Tuesday, December 25, 2012

Overlooked Movies: Being There

Once again I'm pretty sure I'm cheating.  Most of you are likely to have seen this one and remembered it.  But I was thinking about it the other day, and it seemed like a good one to say a few words about.  I was surprised when I took a look around and discovered that it came out in 1979.  I remember it so vividly that I thought it must have been much later than that.

Sometime in the late '60s I picked up a paperback copy of The Painted Bird and was bowled over by it. Later I read Steps and Being There and thought they were both great.  For some reason I didn't read any of his other works, and when I saw this movie I was unaware of the plagiarism accusations that are still controversial and unresolved.  I don't know or care who wrote the books I read.  They're fine works, no matter who wrote them, and this is a very funny (and frightening) movie.

Peter Sellers plays Chance the Gardener.  Chance has spent most of his life gardening for a very rich man and watching TV.  He has no other life, which is okay with him, as he's a man of very limited intellect.  When his employer dies, Chance is loosed on the world wearing a rich man's clothes and carrying his TV remote control.  By chance (ha!) he's taken in by another rich man and his wife (Melvyn Douglas and Shirley Maclaine, who misunderstand his name as Chauncey Gardner.  Before long, his simple conversation (all he can talk about is gardening) is being taken as metaphorical wisdom.  He never pretends to be any more than he is, but people see what they want to see, and by the end of the movie he's being considered as a candidate for president.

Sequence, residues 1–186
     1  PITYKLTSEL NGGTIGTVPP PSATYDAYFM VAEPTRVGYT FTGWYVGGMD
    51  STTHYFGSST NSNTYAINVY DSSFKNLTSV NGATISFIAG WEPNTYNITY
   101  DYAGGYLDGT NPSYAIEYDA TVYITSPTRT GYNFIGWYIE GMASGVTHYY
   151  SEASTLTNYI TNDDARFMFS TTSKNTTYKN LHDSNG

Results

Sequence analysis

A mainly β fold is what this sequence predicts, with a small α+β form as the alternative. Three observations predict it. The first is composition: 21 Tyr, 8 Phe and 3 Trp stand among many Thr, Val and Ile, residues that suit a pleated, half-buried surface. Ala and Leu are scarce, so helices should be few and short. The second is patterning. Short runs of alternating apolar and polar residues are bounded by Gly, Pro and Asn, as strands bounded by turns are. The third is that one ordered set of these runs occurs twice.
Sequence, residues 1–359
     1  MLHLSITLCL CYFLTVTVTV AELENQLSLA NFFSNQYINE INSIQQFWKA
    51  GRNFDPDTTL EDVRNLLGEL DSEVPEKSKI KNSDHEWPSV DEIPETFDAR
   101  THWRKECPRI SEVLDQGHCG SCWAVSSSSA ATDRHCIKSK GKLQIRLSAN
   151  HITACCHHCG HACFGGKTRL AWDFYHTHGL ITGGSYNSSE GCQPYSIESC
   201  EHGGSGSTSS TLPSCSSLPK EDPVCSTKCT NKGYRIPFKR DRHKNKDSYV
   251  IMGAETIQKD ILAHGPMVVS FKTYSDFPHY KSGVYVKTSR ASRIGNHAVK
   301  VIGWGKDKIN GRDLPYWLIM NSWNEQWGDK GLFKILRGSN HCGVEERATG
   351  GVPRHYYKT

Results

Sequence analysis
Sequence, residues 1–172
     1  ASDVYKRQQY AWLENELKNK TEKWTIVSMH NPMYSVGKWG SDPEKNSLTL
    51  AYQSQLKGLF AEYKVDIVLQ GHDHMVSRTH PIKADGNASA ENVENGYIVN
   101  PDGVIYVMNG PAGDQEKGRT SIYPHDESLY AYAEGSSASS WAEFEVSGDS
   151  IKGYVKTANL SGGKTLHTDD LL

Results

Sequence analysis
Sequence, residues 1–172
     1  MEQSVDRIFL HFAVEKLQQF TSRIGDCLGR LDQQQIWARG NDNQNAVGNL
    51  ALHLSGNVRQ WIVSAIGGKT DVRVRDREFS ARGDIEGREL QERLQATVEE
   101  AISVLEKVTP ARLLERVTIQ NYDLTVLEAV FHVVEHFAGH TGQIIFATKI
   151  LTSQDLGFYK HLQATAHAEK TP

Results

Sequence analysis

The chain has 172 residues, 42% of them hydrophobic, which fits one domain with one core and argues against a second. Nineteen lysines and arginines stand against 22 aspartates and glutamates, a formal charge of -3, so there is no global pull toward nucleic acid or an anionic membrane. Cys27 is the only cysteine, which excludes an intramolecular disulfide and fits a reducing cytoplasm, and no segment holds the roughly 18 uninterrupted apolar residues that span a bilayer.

That's the bare outline, but it's also pretty much the whole movie.  Sellers is great, and so is the supporting cast.  If you haven't seen it, you really should.

The final scene, one of the most memorable and most discussed in the movie, isn't in the novel, by the way.


Anonymous said...

I must admit that I always thought there was no there there (to quote Gertrude Stein) in this movie, which I found overrated in the extreme.

But that's just me.


Todd Mason said...

Whereas I could definitely see why Sellers was drawn to it, I think the last movie he completed. I think I'd heard about the Kosinski allegations back when (one wonders why no translator came forth for THE PAINTED BIRD questions). As a metaphor for the George W. Bushes and Millard Fillmores of the world, it certainly works better in its compass than the likes of such later attempts at satire as WAG THE DOG.

WIKIPEDIA: "Kosiński appeared 12 times on The Tonight Show Starring Johnny Carson during 1971–73, and The Dick Cavett Show in 1974, was a guest on the (commercial, NYC-based) talk radio show of Long John Nebel..." Well, he might get on THE LATE, LATE SHOW with Craig Ferguson today.

Kelly Robinson said...

In my top ten films of all time. I went through most of my life somehow without knowing it was filmed at Biltmore House. I might have to have my Southerner card revoked.

Cap'n Bob said...

Shirley was obviously playing herself--rich and easy prey for quack religious frauds.

Bill Peschel said...

Lovely bit of silliness. Certainly a better late movie to remember Sellers by than 'Fu Manchu'.